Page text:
1. verify that inspector staffing is adequate to accomplish the enhanced surveillance that is promulgated by the new standards,
  2. increase staffing for those certificates with insufficient staffing levels, and
  3. augment the inspector staff with available and airplane-type-qualified inspectors from all Federal Aviation Administration regions and 14 CFR Part 142 training centres to provide quality assurance over the operators’ aircrew program designee workforce.

[A-10-26]

  • that the Federal Aviation Administration (FAA) require all 14 Code of Federal Regulations Part 121, 135, and 91K operators to:
  1. develop and implement flight operational quality assurance programs that collect objective flight data, #analyse these data and implement corrective actions to identified systems safety issues, and
  2. share the deidentified aggregate data generated through these analyses with other interested parties in the aviation industry through appropriate means.

[A-10-27]

  • that the Federal Aviation Administration (FAA) seek specific statutory and/or regulatory authority to protect data that operators share with the Federal Aviation Administration as part of any flight operational quality assurance program. [A-10-28]
  • that the Federal Aviation Administration (FAA) require 14 Code of Federal Regulations Part 121, 135, and 91K operators to:
  1. routinely download and analyse all available sources of safety information, as part of their flight operational quality assurance program, to identify deviations from established norms and procedures;
  2. provide appropriate protections to ensure the confidentiality of the deidentified aggregate data; and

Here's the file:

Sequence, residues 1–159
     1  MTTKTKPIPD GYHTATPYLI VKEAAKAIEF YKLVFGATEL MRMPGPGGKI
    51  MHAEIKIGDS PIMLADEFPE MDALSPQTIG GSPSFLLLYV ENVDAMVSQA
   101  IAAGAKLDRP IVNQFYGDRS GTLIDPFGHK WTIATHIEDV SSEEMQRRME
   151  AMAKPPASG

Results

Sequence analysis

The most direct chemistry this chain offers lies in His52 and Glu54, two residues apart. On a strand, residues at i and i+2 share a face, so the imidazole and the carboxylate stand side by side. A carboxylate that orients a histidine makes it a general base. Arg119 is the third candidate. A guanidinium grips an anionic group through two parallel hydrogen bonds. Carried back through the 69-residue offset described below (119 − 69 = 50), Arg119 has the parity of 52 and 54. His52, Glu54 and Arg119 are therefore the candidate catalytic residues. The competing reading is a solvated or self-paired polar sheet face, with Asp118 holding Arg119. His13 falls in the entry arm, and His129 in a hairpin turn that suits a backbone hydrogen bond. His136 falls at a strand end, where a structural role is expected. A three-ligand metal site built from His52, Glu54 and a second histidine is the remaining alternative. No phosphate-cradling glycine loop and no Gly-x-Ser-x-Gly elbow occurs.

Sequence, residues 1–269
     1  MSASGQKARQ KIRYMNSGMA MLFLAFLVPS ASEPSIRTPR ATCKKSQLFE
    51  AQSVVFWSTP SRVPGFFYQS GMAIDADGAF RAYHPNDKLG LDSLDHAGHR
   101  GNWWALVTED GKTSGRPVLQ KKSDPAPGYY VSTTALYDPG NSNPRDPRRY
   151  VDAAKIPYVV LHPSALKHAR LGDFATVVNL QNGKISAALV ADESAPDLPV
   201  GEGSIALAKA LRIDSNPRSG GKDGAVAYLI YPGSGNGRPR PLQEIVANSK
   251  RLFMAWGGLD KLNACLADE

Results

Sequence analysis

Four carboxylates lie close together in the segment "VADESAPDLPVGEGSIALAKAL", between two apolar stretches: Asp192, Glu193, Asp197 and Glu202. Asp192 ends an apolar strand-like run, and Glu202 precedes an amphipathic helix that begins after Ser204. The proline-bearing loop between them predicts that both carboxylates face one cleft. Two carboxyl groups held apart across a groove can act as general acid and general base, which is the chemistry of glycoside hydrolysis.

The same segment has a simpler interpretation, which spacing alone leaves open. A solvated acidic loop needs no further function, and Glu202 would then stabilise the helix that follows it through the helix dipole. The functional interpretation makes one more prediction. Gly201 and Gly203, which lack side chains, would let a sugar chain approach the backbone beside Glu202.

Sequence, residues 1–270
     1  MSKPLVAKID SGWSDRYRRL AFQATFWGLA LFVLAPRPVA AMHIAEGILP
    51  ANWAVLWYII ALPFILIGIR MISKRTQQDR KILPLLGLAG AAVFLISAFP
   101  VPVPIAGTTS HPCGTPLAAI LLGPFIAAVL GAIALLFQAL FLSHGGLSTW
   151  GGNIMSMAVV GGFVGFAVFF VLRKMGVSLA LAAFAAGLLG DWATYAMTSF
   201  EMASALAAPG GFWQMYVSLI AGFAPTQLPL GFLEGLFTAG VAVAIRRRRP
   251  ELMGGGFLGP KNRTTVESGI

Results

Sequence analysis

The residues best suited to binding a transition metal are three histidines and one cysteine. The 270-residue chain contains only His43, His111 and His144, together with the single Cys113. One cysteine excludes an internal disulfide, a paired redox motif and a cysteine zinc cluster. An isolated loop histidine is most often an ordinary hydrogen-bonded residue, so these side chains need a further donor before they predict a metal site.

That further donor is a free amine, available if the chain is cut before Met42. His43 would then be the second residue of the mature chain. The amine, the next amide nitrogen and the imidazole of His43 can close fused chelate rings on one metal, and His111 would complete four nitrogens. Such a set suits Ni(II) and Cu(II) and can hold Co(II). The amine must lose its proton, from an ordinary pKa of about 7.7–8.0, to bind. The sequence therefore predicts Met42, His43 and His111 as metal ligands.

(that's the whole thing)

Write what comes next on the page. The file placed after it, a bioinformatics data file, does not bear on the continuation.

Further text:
3. ensure that this information is used for safety-related and not punitive purposes.

[A-10-29]

  • that the Federal Aviation Administration (FAA) require 14 Code of Federal Regulations Part 121, 135, and 91K operators to incorporate explicit guidance to pilots, including checklist reminders as appropriate, prohibiting the use of personal portable electronic devices on the flight deck.

[A-10-30]

  • that the Federal Aviation Administration (FAA) implement a process to document that all 14 Code of Federal Regulations Part 121, 135, and 91K operators have taken appropriate action in response to safety-critical information transmitted through the safety alert for operators process or another method.

[A-10-31]

  • that the Federal Aviation Administration (FAA) require 14 Code of Federal Regulations Part 121, 135, and 91K operators to revise the methodology for programming their adverse weather phenomena reporting and forecasting subsystems so that the subsystem-generated weather document for each flight contains all pertinent weather information, including Airmen’s Meteorological Information, Significant Meteorological Information, and other National Weather Service in-flight weather advisories, and omits weather information that is no longer valid.

[A-10-32]

  • that the Federal Aviation Administration (FAA) require (their) Principal Operations Inspectors (for)14 Code of Federal Regulations Part 121, 135, and 91K operators to periodically review the weather documents generated for their carriers to verify that those documents are consistent with the information requested in Safety Recommendation A-10-32.

[A-10-33]

  • that the Federal Aviation Administration (FAA) update the definitions for reportable icing intensities in the Aeronautical Information Manual so that the definitions are consistent with the more detailed intensities defined in Advisory Circular 91-74A, “Pilot Guide: Flight in Icing Conditions.” [A-10-34]

Three previously issued Safety Recommendations to the FAA were also re-iterated.

The 299-page Final Report of the Investigation was adopted by the National Transportation Safety Board (NTSB) on 2 February 2010 and subsequently published.